The “feel” of the AP Art Show that opened Jan. 26 in the Carroll Senior High School Art Annex Gallery was one of “individualism and expression.” It was apparent that freedom was given to these Advanced Placement students to express their creative sides without limitations of subject matter.
What made this art show impactful and interesting were the feelings and interpretations that some of the art students expressed and shared about their “concentration,” which ran through all of their artwork.
For Serina Taluja, her concentration was “happiness.” Her artwork symbolized meditation, goal setting, projecting understanding, love, and knowledge. To her, it meant literally being “one with the universe.” Her artwork surely speaks of that; it is contemplative and thoughtful.
Morgan Franklin’s concentration was “identity.” She felt that the “inner energy on so many different levels” is what drives her artwork in this exhibition. Her work in oil pastels left no doubt that she is on the right track.
“Energy” was Abby Detrich’s concentration, and she showed a very interesting display of hand-done artwork, along with a digital treatment that was displayed over a little ocean of VHS tape. The tape was taken out of its box, which left one wondering just what video, home movie, or data was forever disengaged from being viewed and admired, other than in the inert condition it now was displayed. It makes one think how we could be the product of all of the photos, videos, and images taken over time in different formats of data preservation. The iPhone and all camera phones have created an endless universe of photos and selfies. Seeing the broken VHS tape is a reminder of the images that are lost in long forgotten formats.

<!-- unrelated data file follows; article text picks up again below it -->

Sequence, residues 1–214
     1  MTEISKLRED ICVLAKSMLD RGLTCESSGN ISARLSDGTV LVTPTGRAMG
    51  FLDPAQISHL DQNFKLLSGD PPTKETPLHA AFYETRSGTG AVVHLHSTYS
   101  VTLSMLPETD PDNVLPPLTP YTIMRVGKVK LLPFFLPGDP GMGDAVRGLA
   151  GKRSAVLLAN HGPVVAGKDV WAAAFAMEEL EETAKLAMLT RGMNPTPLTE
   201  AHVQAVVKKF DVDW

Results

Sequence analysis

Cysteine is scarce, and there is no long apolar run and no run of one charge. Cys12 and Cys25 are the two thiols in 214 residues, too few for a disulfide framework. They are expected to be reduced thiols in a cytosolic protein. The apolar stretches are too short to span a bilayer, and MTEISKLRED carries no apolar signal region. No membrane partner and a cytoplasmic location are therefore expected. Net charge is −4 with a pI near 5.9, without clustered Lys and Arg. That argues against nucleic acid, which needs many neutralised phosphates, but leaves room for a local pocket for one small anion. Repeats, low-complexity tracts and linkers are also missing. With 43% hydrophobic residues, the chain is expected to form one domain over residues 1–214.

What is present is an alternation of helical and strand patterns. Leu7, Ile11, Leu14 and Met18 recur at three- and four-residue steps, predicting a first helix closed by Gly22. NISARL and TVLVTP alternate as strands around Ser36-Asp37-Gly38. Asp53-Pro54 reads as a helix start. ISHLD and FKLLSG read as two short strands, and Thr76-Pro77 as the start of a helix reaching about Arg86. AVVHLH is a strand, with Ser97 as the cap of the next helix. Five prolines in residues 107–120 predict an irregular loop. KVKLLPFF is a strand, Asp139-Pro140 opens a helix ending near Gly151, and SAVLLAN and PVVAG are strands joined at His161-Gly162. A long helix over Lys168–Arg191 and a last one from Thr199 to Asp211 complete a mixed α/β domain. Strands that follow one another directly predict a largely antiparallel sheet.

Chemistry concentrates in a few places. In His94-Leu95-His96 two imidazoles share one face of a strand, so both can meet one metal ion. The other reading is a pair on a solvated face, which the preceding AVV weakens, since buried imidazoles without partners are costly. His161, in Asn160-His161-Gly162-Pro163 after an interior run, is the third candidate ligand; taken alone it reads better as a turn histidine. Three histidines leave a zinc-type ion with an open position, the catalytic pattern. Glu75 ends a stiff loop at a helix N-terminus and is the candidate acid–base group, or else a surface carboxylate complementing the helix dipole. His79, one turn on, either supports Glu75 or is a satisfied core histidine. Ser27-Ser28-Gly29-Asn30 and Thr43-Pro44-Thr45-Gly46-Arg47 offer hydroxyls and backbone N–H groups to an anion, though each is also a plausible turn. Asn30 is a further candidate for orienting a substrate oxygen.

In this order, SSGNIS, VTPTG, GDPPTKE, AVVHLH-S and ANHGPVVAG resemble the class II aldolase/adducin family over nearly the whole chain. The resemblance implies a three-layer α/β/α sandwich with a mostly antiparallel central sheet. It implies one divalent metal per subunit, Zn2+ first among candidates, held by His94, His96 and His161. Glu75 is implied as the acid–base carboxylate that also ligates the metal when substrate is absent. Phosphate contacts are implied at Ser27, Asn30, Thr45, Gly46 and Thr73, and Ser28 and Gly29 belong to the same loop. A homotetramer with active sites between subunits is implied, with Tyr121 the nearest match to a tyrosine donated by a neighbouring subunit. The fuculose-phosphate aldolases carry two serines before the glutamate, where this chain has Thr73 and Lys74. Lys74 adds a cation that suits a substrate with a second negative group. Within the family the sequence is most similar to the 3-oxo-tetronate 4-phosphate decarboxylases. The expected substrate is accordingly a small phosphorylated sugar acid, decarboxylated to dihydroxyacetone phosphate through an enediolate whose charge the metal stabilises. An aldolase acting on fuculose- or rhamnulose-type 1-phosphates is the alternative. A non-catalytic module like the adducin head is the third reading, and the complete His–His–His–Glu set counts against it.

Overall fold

In addition to conventional artwork in different media, the art show also included photography. Duc Tran displayed some photography that bordered on the macabre but with an elegant flare for aesthetics. His photography is based on self-portraits, and he has a good understanding of light, composition, and atmosphere. Duc’s photography is to be admired as an art form that also incorporates an eye for technical savvy.
The concentration of Ciara Smith was “synesthesia,” which is when the stimulation of one sense triggers a response in another sense. For example, you see a picture of the ocean and imagine that you can smell salt water.
This art show was an experience of leveling the different art forms and “stressing emotion through expression,” as Sarah Banks said. I was taken aback by artwork that seemed, in many ways, more mature in nature because of this self-examination. For any spectator, it was difficult to know what one appreciated more: the art or the artists’ thoughts. For me, it was a combination of both.